New paper out on how climate change will impact marine ecosystems and the ocean carbon sink

I’ve got a new paper out at EGU’s Earth System Dynamics this week, looking at the impact of climate change on the biological pump and ocean carbon sink, and in particular the role of ecological complexity in Earth system models in resolving non-linear climate-biosphere feedbacks. This is the first paper out of my recently-completed postdoc at Stockholm Resilience Centre on climate-biosphere feedbacks and tipping points, with a couple more to be submitted soon.

Following up on yesterday’s twitter thread explainer, here’s a blog version explaining what we did and why:

Pump down the Carbon

The oceans act as a massive carbon sink, taking up around a quarter of human CO₂ emissions so far. This CO₂ dissolves in to the surface ocean (making it more acidic in the process) before being transported to the deep ocean where it stays for hundreds of years (the “solubility pump”). Some of this dissolved CO₂ is used by photosynthesising plankton in the surface to make organic matter, which when they poo or die (or are eaten by zooplankton who then do likewise) produces “particulate organic carbon” (POC) which sinks through the ocean as “marine snow”.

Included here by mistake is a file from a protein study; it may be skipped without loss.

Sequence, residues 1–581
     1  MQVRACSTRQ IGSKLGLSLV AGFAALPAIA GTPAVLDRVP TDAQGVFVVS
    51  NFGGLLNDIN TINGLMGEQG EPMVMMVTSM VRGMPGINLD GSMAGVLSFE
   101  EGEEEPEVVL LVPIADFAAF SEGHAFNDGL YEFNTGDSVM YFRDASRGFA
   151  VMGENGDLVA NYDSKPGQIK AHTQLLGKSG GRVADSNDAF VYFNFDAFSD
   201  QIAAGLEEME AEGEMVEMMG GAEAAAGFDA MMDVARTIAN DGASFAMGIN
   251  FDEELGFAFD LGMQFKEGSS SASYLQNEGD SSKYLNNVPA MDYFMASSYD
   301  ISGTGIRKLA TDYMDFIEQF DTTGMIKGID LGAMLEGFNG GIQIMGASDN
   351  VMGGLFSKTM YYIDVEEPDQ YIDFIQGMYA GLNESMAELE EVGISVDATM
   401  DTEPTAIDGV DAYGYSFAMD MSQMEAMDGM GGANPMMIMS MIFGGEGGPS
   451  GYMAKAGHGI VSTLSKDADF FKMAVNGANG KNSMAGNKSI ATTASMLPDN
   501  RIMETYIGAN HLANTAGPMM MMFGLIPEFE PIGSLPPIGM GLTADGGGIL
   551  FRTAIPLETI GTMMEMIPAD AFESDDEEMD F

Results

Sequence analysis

As POC sinks it’s mostly consumed by microbes, who respire the organic matter and re-release the carbon & nutrients in dissolved form (known as “remineralisation”). The overall effect is transporting carbon & nutrients from surface to deep waters, i.e. the “biological pump”. Together the solubility and biological pumps transport carbon from the surface to deep ocean, allowing more CO₂ to dissolve in the surface and storing exported carbon in deep waters for hundreds of years before it is eventually mixed back to the surface and re-released.

Rising atmospheric CO₂ means more carbon is now dissolving in surface waters and being exported to deep waters, and so the ocean is acting as a net carbon sink (at least for a few hundred years before that deep water mixes back up).